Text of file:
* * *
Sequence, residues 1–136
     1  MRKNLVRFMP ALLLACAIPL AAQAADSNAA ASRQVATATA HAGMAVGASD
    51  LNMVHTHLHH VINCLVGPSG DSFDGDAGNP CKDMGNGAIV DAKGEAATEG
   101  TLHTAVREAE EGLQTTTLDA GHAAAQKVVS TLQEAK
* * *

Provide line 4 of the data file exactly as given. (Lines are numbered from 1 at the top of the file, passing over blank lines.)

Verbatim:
   101  TLHTAVREAE EGLQTTTLDA GHAAAQKVVS TLQEAK